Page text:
One of my excellent seminary professors, Dr. Joe Crawford who taught systematic and historical theology, etc., now with the Lord, had a passion for truth which was infectious. I especially remember the time he got me excited about wanting to read Henri Crouzel's book on Origen. While I was there, Dr. Crawford talked about how reading the Bible as story, revolutionized his theology. He wrote a manuscript on that later. I think it was an evolving, growing process for him. On a lesser scale this is true of me as well. Scot McKnight's new, interesting and I believe excellent little book, Blue Parakeet.
I open this up. Do any of you identify? And what does reading the Bible as story look like, or mean for you and for your understanding of the truth as it is in Jesus? How might reading the Bible as story differ from other ways of reading it? Is it natural to the Bible itself? Is it reading the Bible contextually? And what about places in the Bible which are not narrative, such as wisdom literature (example: Proverbs, Song of Songs), or the book of Romans?
Of course we must read the Bible contextually. Good Bible reading and study should consider a passage, or verse in its immediate context, then in the context of the entire book, and then contextually in books by the same human author, next within the new or old covenant scheme, and at last with reference to the entire Book. Word studies can be helpful as well, as long as we note that the same word will mean different things at times, depending on its context. Good Bible reading and study does all of this either closely or by recall (not that we should think that we have to go through all of this consciously).
To understand any teaching sufficiently it must be put into the whole and in the context of story (Genesis through Revelation), but we take the entire teaching along into the story. We can't just take the part we want and leave the difficult or unwanted part of it, perhaps a difficult part to understand, behind. And it must be factored into the story.
Though it is not necessary for anyone to engage in good Bible reading and study, to have background information as to the world in the day the Scripture was written, with reference to its culture and practices is likewise helpful (an understatement, really, especially with regard to some matters such as women and slaves).
When we do this we avoid what I believe is the error of "bullet lists" to teach a systematic theology. Taken by themselves they can be quite different than when taken up and read with reference to the whole story from Genesis through Revelation. Not that we want to change the meaning in its original context. But that this meaning must be factored into the whole of the story.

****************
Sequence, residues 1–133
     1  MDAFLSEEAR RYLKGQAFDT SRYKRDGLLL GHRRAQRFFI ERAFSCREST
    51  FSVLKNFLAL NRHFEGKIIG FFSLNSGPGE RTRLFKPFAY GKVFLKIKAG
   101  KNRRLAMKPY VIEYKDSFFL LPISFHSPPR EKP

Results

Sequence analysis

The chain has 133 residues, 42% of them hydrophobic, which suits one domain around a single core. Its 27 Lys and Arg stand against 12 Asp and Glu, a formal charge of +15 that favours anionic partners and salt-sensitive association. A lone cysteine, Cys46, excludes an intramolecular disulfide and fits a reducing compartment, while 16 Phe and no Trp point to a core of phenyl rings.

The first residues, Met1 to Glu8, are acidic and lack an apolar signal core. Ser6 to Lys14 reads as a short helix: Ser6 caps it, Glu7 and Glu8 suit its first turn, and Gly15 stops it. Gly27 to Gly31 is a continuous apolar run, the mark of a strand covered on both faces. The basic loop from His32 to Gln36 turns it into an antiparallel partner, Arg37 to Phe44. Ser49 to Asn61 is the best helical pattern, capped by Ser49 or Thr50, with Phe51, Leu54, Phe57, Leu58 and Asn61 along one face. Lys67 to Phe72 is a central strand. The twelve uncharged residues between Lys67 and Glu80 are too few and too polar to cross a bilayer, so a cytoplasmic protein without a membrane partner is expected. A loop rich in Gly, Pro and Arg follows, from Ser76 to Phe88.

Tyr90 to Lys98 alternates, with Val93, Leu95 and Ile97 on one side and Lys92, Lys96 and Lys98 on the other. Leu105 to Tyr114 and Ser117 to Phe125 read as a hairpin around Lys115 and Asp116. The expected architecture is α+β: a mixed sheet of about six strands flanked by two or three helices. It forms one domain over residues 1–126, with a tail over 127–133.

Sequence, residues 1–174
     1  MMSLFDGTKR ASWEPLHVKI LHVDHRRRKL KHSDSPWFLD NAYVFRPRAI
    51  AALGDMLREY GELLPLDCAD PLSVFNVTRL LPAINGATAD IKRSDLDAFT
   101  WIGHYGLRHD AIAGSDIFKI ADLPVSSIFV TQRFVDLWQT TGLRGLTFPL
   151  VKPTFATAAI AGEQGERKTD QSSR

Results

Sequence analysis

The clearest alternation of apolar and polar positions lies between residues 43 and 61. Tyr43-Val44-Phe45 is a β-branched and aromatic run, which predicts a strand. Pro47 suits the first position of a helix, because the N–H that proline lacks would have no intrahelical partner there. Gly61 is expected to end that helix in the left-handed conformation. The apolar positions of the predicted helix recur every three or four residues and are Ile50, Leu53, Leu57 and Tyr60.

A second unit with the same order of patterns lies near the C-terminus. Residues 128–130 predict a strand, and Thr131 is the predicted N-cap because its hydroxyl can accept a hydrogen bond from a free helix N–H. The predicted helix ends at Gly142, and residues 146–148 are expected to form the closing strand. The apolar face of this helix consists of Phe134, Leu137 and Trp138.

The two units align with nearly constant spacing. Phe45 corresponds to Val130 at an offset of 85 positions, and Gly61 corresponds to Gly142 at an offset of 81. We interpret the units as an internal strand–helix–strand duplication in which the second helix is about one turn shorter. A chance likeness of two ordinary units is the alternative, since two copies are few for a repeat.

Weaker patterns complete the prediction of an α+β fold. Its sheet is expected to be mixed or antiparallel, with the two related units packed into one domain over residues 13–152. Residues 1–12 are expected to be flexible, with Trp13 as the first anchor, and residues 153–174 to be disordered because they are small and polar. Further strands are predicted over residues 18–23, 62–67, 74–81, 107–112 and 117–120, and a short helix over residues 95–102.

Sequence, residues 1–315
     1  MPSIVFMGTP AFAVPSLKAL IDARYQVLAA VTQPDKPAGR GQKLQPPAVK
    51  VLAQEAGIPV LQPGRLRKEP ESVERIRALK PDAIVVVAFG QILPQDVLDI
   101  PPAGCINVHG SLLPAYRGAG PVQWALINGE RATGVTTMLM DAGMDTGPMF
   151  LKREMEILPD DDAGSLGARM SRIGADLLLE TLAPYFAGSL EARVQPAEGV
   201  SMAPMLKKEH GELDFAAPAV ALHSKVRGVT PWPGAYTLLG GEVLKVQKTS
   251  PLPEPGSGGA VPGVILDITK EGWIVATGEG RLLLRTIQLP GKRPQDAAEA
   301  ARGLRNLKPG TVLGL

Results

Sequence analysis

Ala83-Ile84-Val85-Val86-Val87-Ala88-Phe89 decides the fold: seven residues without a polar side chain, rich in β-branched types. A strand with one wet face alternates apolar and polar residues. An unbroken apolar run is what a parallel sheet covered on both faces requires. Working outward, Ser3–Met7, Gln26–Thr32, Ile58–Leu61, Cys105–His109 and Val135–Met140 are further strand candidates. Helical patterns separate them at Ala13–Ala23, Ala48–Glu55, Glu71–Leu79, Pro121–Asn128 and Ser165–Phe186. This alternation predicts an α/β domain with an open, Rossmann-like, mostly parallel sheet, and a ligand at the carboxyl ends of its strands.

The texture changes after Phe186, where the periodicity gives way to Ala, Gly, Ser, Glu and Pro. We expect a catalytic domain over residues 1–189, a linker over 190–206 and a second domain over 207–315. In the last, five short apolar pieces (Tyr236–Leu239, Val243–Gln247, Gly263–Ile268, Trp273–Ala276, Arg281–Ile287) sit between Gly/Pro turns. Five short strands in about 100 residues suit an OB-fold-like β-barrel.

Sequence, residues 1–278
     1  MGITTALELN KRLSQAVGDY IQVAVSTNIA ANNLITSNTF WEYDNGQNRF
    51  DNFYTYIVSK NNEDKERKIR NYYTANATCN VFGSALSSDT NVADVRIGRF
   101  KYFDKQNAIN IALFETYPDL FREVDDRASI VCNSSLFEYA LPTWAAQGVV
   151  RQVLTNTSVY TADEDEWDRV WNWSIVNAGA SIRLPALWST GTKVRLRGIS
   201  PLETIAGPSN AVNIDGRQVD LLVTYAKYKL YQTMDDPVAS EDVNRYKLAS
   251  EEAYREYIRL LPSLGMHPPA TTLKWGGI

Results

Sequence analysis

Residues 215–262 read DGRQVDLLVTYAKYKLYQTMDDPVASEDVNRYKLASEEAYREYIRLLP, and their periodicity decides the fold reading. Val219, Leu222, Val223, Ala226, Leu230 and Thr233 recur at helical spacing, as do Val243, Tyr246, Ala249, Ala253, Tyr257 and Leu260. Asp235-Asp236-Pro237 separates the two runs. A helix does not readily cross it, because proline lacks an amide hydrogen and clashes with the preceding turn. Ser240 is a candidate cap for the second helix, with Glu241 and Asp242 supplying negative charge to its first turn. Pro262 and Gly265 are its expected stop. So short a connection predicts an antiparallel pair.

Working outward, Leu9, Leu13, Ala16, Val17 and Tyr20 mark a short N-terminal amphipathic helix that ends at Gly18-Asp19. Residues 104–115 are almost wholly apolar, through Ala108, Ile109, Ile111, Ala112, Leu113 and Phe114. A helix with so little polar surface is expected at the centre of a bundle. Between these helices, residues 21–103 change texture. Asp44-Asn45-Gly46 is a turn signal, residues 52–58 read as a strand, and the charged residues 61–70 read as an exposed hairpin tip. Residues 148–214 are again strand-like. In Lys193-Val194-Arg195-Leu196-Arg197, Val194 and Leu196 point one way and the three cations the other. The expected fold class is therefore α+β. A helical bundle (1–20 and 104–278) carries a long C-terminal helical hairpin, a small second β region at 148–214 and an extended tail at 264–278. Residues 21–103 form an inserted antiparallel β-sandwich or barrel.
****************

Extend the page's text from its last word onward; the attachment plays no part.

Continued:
One example I posted on recently is predestination and election. If I study the relevant passages on their own, it would appear that many of them are only about assurance of salvation through the work of God, as our good friend Andrew, has so aptly pointed out in his comments on that posting. But considered in the story we find that there is more to consider. Other factors weigh in on that discussion as well, and on nearly any other discussion, factors on which Christians disagree. For example in my case, even though I believe God does a work in Christians to help them persevere, I believe the imperative to make one's calling and election sure, makes it clear that our assurance is dependent on us remaining in the faith, and that a true Christian can apostasize. But in the grace of God in Jesus, as we trust, we can be assured of salvation- in the present and future, based on the work of Jesus.
And aside from the differences Christians have over interpreting the relevant texts, we need to see such teachings in the sweep of the entire story of God. This means predestination and election are not just about one's salvation, as important as that is, but it's with reference to what that salvation entails. That in Jesus, we become a part of God's ongoing work in the world through him, a work that has to do with the new creation, thus touching all of creation, including human culture, as well as helping others come into this new life for themselves. We receive the light and become the light of the world, in Jesus.
This is an overly long post, and for that I apologize. But just a sketch and example as to why I believe we need to read and think through everything with reference to the entire story, and not just within its own immediate context. I am certainly working on this, myself.
What would you like to add here- and with reference to the above questions and thoughts?